The European Court of Human Rights has published a revised version of its factsheet on Mass Surveillance. This newest update includes leading cases ranging from the classic 1970s landmark judgment in Klass and others v Germany to the Haščák v. Slovakia case of this Summer. It also indicates pending applications on the issue.
Newspapers Journalism and Regulation
On 5 September 2022, Hacked Off research revealed the extent of press bias in Conservative Party-supporting newspapers during the race to become PM. Read the results here.
- 10382-22 Mitchell v The Sentinel, 1 Accuracy (2021), Breach – sanction: action as offered by publication
- Satisfactory Remedy – 10512-22 Bavister v cornwalllive.com, 1 Accuracy (2021), Resolved – satisfactory remedy
- 01732-22 Rahman v Mail Online, 1 Accuracy (2021), 2 Privacy (2021), 3 Harassment (2021), 12 Discrimination (2021), No breach – after investigation
- 00627-22 Doe v You (The Mail on Sunday), 2 Privacy (2021), No breach – after investigation
- Resolution Statement – 02507-22 Jones v Daily Mail, 2 Privacy (2021), Resolved – IPSO mediation
Statements in Open Court and Apologies
The Daily Mirror has apologised to Chancellor Kwasi Kwarteng for using a picture of Bernard Mensah, president of the International Bank of America, to caption an article about the mini-budget. See Mr Kwarteng’s tweet to the Daily Mirror here. The Press Gazette has more information here.
New Issued Cases
There were nine defamation (libel and slander), two Norwich Pharmacal, one misuse of private information, one data protection, one malicious falsehood claim(s), and one application for permission to read a statement in open court filed on the media and communications list over the last month.
Last Month in the Courts
On 14 September 2022, the appeal brought under section 57 of the Freedom of Information Act 2000 (“the FOIA”) in Greenwood v The Information Commissioner & Anor  UKFTT 333 (GRC) was dismissed. The appeal concerns a request for information relating to the companies and individuals who made bids for contracts to supply PPE in March 2020. The Department of Health and Social Care withheld the information on the basis of section 43(2) (commercial interests) of FOIA. The Commissioner held that section 43(2) was correctly applied and the public interest in maintaining the exemption outweighs the public interest in disclosure. The tribunal agreed that S43(2) was engaged for the companies on the withheld information list, as disclosure would or would be likely to adversely affect their commercial interests, even if it is only a small number or even just one .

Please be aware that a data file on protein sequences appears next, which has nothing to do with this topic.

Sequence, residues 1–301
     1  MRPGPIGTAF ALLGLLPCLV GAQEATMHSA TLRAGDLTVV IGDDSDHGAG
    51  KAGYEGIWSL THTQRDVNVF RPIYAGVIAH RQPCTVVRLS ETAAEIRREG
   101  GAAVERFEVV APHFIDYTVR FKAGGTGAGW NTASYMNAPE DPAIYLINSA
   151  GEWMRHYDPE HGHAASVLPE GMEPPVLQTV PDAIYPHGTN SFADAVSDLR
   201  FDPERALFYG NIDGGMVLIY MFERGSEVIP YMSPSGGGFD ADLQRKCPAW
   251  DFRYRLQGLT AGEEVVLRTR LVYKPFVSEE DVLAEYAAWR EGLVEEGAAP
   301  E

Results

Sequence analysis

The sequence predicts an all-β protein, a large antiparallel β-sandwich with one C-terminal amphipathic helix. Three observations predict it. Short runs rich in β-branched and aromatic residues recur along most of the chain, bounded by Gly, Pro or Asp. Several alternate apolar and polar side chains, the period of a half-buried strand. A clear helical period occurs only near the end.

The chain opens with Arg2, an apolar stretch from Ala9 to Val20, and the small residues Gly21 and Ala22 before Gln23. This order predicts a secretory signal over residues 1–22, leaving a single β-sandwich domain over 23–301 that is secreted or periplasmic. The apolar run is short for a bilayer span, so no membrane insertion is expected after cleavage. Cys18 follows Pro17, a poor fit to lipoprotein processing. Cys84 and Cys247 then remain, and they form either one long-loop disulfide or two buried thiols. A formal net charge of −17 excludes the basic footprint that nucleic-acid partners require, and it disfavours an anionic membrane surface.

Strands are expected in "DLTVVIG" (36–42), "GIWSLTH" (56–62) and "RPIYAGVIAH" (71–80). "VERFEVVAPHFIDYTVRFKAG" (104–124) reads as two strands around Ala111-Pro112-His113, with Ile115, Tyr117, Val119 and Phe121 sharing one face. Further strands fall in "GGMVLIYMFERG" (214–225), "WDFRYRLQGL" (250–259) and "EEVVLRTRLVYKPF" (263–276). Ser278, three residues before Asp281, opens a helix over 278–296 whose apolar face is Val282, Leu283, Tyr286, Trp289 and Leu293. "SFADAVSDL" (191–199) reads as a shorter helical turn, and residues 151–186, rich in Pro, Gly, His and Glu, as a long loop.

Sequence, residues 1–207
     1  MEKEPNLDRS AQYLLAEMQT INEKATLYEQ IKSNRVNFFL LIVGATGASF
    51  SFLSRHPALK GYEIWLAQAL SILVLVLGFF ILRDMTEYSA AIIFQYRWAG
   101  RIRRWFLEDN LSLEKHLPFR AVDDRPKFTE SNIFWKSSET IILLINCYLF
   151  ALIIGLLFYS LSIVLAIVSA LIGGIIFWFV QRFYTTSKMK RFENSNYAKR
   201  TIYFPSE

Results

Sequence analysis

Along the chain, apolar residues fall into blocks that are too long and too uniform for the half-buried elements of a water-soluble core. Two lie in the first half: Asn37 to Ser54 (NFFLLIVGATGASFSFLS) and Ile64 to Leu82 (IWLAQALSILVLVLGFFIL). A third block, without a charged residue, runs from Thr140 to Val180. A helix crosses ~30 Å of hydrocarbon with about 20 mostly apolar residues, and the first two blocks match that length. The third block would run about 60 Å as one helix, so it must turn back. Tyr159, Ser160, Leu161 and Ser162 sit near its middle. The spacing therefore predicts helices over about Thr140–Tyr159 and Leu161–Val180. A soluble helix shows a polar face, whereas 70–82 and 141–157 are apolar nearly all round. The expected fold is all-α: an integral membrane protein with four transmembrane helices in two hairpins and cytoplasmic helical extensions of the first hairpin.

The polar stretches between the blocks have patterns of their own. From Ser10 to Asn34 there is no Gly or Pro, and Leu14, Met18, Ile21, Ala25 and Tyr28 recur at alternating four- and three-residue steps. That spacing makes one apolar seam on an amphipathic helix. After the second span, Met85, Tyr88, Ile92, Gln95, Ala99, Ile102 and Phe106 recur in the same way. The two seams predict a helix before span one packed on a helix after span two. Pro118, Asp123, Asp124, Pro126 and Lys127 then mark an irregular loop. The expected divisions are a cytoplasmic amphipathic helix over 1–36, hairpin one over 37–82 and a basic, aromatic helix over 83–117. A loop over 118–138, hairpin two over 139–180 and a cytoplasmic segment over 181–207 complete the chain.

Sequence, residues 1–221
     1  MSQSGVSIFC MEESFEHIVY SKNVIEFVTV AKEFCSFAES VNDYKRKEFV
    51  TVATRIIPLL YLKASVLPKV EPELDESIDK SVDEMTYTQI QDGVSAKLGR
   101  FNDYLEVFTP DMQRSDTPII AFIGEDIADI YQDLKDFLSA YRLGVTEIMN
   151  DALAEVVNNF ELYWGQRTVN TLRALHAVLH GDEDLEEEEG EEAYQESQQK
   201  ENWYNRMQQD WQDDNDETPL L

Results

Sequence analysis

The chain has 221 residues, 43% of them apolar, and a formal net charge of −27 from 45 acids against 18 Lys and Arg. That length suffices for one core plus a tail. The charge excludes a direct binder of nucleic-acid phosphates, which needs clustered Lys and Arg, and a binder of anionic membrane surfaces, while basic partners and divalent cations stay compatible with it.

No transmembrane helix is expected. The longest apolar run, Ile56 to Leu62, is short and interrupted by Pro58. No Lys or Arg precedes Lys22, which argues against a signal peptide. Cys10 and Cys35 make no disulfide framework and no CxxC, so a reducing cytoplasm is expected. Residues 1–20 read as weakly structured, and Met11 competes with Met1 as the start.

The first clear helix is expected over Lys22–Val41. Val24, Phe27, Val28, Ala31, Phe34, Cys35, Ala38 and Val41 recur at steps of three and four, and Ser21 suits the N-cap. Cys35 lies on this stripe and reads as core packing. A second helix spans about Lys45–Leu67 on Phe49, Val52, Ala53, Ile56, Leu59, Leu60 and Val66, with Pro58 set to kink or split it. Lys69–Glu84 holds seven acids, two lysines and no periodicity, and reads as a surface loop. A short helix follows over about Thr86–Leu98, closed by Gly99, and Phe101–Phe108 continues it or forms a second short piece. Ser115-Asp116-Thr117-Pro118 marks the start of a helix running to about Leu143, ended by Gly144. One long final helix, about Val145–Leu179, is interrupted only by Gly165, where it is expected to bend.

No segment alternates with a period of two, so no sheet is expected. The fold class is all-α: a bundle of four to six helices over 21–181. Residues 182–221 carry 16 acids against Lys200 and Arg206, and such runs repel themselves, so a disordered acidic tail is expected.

The issue of costs ordered in the defamation element of Piepenbrock v London School of Economics and Political Science & Ors  EWHC 2421 (KB) was resolved in a judgment handed down on 30 September 2022 by Heather Williams J. A stay of the proceedings was granted in respect of the claims that were not struck out (as bound to fail or an abuse of process) pending payment by the Claimant of the costs he was ordered to pay in the 1 July 2020 Order made in the 2020 Claim. The case is to remain on the Media and Communications list.
Media Law in Other Jurisdictions
A new national proposal would grant sexual assault and harassment complainants immunity against claims for defamation over reports to police and other authorities. The state of Victoria is leading the push to extend the existing defamation defence of absolute privilege to people who make complaints to police and bodies such as anti-discrimination commissions and professional disciplinary bodies. The Sydney Morning Herald has more information here.
On 23 September 2022, the Federal Court found stockbroker Peter Schiff had been defamed by a ’60 Minutes’ broadcast (Schiff v Nine Network Australia Pty Ltd (No 2)  FCA 1120).
Peter Dutton has discontinued his High Court Appeal against Shane Bassi. Read the press release here.
A forensic investigator being sued for defamation by Lloyd Rayney over comments about the mysterious death of the former Perth barrister’s wife has failed in a last-minute bid to have the judge who presided over the trial remove herself from the case. ABC News has more information here.
The Online news outlet Crikey has confirmed it will deploy the new public interest defence in its defamation battle with Lachlan Murdoch, in what is likely to be the first test of the new Australian law. The Sydney Morning Herald has more information here.